From the rugged Sawtooth Mountains to the Gospel Hump Wilderness, Idaho offers adventures for every hiker, from those looking for an afternoon stroll to those seeking a hard-charging backcountry adventure. While this list is by no means comprehensive, below are 10 of the best trails and routes the Gem State has to offer. Pack a bag for a day hike or a multi-day backpacking trip and soak up the wonders of these 10 not-to-miss Idaho excursions (in no particular order).
1. Wilderness Trail to Echo Crater
Hike the rugged volcanic “moonscape” of Craters of the Moon Wilderness within Craters of the Moon National Monument for a taste of solitude and adventure. Explore the pahoehoe lava flows, hike across Broken Top cinder cone, view the lava trees, and wonder at all the other cinder cones around. This 8-mile, round-trip route is also a good one-night backpacking destination (pick up a required permit at the visitor’s center). Be sure to bring plenty of water, as this route can be very hot and dry.
2. Upper Priest Lake Trail to Continental Creek Trail
The Upper Priest River Trail #308 is an incredibly scenic hike that follows along the river to the junction of Continental Creek Trail #28 in the Idaho Panhandle National Forests . Follow #28 to Upper Priest River Falls (also called American Falls) and enjoy spectacular views of the 40-foot waterfall surrounded by granite walls, all just a stone’s throw from the Canadian border. It’s about eight miles to the falls. Be aware, this is prime grizzly habitat.
3. Toxaway to Alice Lake Loop
Take two or three days and make this epic 19-mile backpacking loop from Toxaway to Alice Lake . This jewel of the Sawtooths is complete with jagged peaks, ridges, meadows, creeks, waterfalls, and more. Gorgeous alpine lakes sit along the route, nestled in basins. Some may prefer to do this as a long, single-day hike or even a trail run.
4. Sawtooth Lake
This 10-mile trail to Sawtooth Lake in the Sawtooth National Recreation Area offers some of the best views in thee area. This trail starts in the forest, follows a creek, and climbs up high as hikers are serenaded by roaring waterfalls. After a few miles of mellow uphill, you’ll find a meadow and then head into steeper areas of rocky beauty and great views of Alpine Lake. Once you reach Alpine Lake, you’ll find great views of Mt. Reagan.
5. Mount Borah
More of a climb than a hike, Mount Borah is a must do for mountaineers and experienced hikers who are comfortable with a challenging and exposed route up Idaho’s highest mountain (12,662 feet). A popular route is the 9-mile, round-trip Southwest Ridge , which is considered a Class 3 climb. Ice axes and crampons are recommended. Several people have died climbing the mountain over the years, so be sure to take all necessary precautions and have the skills, experience, and equipment necessary for this endeavor.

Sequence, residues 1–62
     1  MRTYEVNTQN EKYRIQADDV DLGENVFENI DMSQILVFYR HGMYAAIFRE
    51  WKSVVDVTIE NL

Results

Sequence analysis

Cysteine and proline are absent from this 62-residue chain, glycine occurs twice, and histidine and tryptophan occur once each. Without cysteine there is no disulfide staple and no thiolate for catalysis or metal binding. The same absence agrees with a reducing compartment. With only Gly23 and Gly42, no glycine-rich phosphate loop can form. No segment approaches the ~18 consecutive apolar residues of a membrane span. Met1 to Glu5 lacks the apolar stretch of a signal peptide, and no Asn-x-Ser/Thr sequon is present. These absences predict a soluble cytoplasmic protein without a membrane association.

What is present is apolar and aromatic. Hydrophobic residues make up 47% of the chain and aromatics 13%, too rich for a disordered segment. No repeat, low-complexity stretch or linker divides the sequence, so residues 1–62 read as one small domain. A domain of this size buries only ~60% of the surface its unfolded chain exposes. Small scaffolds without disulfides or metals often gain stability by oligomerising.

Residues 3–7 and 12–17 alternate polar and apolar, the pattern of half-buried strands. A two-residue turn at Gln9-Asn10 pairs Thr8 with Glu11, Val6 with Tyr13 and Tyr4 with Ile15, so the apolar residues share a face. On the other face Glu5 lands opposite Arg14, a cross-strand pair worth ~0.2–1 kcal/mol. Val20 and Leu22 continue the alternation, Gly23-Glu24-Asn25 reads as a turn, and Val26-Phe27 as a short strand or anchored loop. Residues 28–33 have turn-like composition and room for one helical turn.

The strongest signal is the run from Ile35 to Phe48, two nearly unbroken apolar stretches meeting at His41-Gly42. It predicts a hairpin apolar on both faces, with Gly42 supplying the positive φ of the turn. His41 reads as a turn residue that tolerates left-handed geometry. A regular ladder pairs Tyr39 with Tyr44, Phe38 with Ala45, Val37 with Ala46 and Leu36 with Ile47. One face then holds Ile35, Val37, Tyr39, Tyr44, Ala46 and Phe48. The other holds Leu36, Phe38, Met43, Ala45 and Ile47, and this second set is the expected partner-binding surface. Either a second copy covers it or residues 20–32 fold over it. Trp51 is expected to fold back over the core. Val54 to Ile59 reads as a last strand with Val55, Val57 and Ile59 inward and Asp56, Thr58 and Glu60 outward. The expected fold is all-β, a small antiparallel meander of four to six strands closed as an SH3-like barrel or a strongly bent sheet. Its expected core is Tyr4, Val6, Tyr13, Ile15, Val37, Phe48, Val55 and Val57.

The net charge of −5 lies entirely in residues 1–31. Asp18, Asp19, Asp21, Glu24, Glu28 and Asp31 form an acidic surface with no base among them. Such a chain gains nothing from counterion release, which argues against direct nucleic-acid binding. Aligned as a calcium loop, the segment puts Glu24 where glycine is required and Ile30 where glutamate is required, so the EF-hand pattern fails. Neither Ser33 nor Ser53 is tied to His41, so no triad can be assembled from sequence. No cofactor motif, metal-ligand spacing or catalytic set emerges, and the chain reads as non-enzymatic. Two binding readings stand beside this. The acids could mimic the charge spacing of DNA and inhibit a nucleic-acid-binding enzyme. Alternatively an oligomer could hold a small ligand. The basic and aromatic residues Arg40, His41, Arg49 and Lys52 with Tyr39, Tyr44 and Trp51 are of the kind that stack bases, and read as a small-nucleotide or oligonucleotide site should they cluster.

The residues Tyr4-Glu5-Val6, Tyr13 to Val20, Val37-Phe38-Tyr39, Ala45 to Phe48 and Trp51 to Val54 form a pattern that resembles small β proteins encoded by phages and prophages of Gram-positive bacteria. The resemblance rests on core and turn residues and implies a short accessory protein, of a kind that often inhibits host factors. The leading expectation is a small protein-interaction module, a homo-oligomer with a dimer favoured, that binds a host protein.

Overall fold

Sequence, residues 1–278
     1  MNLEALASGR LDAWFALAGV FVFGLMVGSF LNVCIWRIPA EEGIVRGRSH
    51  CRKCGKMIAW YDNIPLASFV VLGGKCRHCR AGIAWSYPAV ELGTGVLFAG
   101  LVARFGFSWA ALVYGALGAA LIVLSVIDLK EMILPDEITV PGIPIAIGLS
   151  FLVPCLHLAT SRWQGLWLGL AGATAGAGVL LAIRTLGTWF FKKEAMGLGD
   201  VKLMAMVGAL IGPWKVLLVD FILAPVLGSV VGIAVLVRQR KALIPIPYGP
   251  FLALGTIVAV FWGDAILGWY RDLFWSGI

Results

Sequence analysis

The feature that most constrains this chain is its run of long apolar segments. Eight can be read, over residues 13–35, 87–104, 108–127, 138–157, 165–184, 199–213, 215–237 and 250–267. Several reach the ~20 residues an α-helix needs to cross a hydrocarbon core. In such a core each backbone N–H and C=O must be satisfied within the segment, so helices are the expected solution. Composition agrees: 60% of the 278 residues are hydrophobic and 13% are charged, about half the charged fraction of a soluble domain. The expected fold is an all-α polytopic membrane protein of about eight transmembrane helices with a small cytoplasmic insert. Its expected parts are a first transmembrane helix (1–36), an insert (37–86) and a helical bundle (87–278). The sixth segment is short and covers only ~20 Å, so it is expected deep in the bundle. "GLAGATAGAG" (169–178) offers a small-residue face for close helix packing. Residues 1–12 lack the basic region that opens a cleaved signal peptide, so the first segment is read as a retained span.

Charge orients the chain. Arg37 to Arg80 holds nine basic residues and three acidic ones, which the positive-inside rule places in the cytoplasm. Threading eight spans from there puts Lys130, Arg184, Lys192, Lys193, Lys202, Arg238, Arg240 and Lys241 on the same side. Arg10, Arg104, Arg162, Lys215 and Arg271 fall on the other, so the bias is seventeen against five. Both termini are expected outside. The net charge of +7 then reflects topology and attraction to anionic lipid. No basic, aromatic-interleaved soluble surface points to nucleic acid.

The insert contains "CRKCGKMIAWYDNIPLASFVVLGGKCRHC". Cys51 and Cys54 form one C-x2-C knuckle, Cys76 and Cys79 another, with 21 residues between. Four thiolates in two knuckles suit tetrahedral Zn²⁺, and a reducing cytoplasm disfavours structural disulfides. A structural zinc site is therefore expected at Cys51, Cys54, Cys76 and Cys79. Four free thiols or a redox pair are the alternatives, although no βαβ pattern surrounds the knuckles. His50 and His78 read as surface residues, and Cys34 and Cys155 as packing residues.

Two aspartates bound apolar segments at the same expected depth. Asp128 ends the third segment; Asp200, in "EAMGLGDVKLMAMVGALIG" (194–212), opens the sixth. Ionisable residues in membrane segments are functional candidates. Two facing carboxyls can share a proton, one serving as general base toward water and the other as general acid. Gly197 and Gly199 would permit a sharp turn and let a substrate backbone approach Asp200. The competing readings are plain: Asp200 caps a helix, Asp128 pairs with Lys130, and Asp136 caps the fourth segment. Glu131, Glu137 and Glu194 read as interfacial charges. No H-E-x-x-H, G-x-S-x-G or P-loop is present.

6. Red Mountain Trail
Located in the Boise National Forest, the Red Mountain Trail provides a great hike up Red Mountain as well as spectacular views of the surrounding mountains. Start on the Clear Creek Trail for a steep 2-mile jaunt to the intersection with the Red Mountain Trailhead. Then, you’ll keep going uphill for 1.5 more miles until you summit Red Mountain. Up top, you’ll see an old fire tower, spectacular mountains, and the Red Mountain Lakes below. Some enjoy an off-trail side trip down to the lakes via the southeast ridge of the mountain.
7. City of Rocks National Reserve Trails
In City of Rocks National Reserve , you’ll find over 22 miles of hiking trails situated among massive rocks and impressive scenery. Combine a variety of short trails to make your own longer routes that lead to arches, windows, and other natural features. Next to City of Rocks National Reserve is Castle Rocks State Park, boasting more spectacular scenery and a wide variety of hikes . Try out the Window Arch Trail for a very short jaunt (300 feet each way) or the Geological Interpretive Trail for a 1.2-mile loop or the Castle Rocks Trail in Castle Rocks State Park for 5 miles of fun.
8. South Bitch Creek Canyon
For some solitude, head up South Bitch Creek Canyon in the Ashton/Island Park Ranger District of the Caribou-Targhee National Forest. This rugged, wild country is home to grizzly bears and all sorts of other creatures, so take all appropriate precautions. Hike out and back, turning around whenever you like on the route surrounded by forests, meadows, and canyon slopes. Some may prefer linking the route with the Carrot Ridge Trail for a 21.7-mile loop, done as either a very long day hike or an overnighter.
9. Lower Gospel Lake
In the Gospel Hump Wilderness, take Forest Road 444 while keeping an eye out for the hidden trail to Lower Lower Gospel Lake . Once you spot this route (details in the link), the lake is about a mile down and many like to bring fishing gear to snag a trout for dinner. This area contains plenty of other alpine lakes as well a bit further down Road 444, leaving plenty of room for exploration.
10. Washington Lake
In the White Cloud Mountains in the Sawtooths, take the 5.6-mile roundtrip hike to Washington Lake (or opt for the shorter 3.6-mile route to Fourth of July Lake). The trail starts in the forest and Fourth of July Lake is just 1.8 miles down the trail, surrounded by a scenic meadow and gorgeous views. To get to Washington Lake , continue another mile or so and go over a small pass to reach even more spectacular scenery.